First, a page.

Both games are visual novels at heart, but the game isn't simply just a text scroller. The game allows you to roam Trigger Happy Havoc's Hope's Peak or the sequel's Jabberwock Island, interacting with the characters or searching for clues during your investigation phase or attempting to unravel the truth during the class trials. Think Ace Attorney's gameplay loop, and you're more or less there. Danganronpa's trials are far more fast-paced then Ace Attorney's equivalent, though. Rather than simply presenting a piece of evidence to blow holes in statements, Danganronpa asks you to literally blow holes through testimonies and provides a reticule and "Truth Bullets" to do so. Select the correct Truth Bullet, find a weak point in the testimony and fire away - whilst at its core it's no different to Ace Attorney's trial system, by allowing for an extra level of control the trials zip along at a fair pace and consequently feel more tense than a plain old courtroom trial.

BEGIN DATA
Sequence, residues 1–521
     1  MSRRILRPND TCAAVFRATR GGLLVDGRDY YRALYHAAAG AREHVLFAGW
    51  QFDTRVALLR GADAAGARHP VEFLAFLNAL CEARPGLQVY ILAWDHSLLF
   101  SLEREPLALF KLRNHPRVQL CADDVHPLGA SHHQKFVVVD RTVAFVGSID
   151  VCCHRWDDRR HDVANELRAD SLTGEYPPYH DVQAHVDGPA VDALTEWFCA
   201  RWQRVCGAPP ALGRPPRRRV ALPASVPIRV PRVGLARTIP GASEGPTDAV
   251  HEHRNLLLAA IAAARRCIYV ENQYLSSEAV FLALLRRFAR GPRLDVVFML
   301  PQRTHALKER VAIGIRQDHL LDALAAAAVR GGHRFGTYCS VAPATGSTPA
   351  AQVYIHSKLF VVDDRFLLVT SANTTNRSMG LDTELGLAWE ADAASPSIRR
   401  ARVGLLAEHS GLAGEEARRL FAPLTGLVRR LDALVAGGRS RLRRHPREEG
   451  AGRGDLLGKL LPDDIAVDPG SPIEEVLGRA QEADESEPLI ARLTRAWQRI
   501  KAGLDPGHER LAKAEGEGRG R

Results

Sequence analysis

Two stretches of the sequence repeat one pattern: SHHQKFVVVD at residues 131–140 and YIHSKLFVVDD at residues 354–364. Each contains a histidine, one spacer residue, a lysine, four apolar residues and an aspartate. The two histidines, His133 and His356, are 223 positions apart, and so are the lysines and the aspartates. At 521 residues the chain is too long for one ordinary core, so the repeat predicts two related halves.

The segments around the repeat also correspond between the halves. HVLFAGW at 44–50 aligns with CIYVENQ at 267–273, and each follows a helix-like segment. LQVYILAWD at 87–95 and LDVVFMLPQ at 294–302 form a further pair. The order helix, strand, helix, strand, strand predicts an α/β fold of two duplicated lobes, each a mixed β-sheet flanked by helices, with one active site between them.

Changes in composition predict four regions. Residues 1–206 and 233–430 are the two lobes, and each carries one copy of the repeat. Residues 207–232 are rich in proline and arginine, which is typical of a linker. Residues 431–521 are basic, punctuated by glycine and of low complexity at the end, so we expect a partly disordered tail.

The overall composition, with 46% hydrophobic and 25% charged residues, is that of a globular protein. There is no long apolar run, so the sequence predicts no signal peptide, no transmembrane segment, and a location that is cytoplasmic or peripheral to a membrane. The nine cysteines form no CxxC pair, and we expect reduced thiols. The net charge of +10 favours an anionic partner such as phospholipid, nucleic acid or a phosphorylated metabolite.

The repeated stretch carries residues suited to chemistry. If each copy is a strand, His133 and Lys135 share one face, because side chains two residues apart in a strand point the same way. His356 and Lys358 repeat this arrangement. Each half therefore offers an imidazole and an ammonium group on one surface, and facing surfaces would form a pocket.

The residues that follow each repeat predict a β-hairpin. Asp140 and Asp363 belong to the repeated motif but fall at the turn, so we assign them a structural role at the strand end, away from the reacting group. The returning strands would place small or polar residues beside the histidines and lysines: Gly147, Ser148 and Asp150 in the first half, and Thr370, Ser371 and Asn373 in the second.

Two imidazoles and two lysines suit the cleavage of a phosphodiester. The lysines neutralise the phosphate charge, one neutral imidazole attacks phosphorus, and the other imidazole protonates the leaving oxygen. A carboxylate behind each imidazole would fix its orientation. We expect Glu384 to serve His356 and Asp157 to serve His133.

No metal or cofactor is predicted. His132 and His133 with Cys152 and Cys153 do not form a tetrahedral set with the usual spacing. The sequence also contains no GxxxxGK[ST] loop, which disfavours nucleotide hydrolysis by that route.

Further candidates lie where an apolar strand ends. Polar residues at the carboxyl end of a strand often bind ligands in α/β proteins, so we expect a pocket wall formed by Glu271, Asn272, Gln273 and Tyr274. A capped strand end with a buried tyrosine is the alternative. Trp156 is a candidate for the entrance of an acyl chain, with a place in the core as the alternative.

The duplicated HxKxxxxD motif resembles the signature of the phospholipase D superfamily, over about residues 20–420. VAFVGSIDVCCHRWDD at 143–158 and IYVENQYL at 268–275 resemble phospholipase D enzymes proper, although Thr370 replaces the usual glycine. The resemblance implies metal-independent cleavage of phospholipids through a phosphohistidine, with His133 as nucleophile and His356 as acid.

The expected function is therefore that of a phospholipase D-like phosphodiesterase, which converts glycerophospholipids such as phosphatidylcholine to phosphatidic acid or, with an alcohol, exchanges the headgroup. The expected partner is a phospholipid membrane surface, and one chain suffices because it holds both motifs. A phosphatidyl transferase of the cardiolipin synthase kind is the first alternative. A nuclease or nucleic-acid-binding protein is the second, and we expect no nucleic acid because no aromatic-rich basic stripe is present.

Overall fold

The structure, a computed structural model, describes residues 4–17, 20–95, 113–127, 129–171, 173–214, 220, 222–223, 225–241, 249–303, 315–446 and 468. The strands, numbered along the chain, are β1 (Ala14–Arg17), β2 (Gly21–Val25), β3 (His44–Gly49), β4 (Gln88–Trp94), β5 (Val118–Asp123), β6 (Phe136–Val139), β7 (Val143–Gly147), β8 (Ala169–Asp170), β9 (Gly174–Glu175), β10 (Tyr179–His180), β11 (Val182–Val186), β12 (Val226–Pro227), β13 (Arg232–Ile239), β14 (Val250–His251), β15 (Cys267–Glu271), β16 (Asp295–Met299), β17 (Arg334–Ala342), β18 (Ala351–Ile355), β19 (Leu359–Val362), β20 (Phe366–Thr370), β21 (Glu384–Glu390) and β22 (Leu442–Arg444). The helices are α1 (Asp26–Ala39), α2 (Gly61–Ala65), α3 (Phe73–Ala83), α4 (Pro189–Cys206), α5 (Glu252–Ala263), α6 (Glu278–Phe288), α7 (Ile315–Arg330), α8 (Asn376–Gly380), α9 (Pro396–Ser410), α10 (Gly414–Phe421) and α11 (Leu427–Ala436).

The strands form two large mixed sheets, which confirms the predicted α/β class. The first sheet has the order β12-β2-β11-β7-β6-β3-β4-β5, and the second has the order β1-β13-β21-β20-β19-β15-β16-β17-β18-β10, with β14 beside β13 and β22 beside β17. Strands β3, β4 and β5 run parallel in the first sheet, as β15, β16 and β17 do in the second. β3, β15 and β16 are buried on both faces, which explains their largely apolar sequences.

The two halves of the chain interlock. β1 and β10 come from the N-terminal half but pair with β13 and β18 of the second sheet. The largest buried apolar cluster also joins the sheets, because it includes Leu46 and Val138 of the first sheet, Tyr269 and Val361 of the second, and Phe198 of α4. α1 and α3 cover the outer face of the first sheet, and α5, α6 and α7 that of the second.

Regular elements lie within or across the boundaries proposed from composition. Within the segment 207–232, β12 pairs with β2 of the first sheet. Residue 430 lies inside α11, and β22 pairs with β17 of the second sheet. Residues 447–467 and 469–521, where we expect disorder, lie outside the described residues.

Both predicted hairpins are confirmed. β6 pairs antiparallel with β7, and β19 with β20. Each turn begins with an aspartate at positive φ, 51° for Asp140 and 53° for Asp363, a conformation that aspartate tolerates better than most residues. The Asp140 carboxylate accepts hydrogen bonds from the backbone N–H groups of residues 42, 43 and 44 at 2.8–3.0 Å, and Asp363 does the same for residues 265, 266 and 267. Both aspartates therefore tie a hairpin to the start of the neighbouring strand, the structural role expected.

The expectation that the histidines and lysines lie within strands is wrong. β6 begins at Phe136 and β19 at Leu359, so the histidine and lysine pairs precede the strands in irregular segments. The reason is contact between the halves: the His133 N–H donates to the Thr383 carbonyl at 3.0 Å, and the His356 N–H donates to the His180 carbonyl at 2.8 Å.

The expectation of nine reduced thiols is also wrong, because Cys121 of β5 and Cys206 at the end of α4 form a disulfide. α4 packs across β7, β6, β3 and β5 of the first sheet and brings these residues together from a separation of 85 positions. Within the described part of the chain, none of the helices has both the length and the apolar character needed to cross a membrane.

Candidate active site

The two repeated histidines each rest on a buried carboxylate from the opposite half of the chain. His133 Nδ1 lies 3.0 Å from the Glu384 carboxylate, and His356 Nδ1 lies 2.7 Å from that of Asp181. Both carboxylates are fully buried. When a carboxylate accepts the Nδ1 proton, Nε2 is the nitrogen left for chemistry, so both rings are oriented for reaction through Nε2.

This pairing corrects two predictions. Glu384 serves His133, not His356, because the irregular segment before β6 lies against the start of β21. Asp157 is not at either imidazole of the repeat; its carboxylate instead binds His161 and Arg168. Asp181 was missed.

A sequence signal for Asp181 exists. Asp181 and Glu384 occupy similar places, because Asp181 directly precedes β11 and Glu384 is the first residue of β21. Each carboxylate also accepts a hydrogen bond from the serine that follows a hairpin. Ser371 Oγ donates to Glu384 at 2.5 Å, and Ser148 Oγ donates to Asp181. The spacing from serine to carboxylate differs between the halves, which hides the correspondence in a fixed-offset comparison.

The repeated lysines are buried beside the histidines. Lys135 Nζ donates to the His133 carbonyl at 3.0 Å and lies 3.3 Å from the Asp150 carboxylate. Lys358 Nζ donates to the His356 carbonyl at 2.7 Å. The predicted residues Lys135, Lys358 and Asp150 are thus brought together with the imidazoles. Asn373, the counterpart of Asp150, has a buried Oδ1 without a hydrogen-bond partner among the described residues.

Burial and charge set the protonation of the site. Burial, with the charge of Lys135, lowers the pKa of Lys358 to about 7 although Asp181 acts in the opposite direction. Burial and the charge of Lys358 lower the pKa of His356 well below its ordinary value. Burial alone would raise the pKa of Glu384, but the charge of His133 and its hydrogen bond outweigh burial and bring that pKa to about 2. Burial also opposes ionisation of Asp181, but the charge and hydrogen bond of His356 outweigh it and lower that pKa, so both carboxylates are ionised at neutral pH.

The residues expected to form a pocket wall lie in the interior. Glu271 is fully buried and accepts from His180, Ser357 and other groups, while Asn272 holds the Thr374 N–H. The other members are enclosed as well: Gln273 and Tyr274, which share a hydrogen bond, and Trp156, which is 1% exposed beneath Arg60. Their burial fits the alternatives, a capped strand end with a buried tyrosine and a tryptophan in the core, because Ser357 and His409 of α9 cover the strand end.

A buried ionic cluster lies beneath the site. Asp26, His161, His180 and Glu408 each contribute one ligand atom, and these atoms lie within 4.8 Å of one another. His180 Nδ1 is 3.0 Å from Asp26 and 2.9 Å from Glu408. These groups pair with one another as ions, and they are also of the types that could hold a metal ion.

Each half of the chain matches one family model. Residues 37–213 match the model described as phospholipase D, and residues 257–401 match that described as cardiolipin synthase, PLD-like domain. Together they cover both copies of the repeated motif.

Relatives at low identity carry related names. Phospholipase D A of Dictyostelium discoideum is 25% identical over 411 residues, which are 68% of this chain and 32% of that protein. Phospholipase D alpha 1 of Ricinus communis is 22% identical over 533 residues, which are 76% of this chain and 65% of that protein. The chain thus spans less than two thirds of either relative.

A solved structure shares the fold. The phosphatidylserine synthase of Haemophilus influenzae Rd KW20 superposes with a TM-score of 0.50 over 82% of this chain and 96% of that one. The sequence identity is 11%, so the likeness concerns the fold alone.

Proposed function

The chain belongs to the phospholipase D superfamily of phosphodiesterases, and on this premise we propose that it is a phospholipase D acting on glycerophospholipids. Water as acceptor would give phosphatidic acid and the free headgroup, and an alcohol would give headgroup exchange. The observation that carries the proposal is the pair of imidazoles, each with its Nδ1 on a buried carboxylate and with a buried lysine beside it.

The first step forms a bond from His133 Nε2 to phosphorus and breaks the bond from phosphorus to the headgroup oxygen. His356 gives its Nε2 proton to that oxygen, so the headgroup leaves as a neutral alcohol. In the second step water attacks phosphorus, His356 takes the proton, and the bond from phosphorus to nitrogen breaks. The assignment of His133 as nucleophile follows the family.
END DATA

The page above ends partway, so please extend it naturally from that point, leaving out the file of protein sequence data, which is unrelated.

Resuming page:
The trials aren't all good, sadly. Besides the main Truth Bullet sections, the trials also comprise of a number of mini-games where you'll either focus inwardly on a tricky problem or square off mano a mano with more stubborn classmates to push the trial onwards. Some of these work brilliantly - the Panic Talk Action segments, the aforementioned one-on-one debates, take the form of a rhythm game. It's genuinely a lot of fun tapping away furiously trying to power through the flawed logic of your opponent. Goodbye Despair expands on this with Rebuttal Showdowns, which are similar premises but sees you slashing through the opponent's statements with the analogue stick rather than tapping away.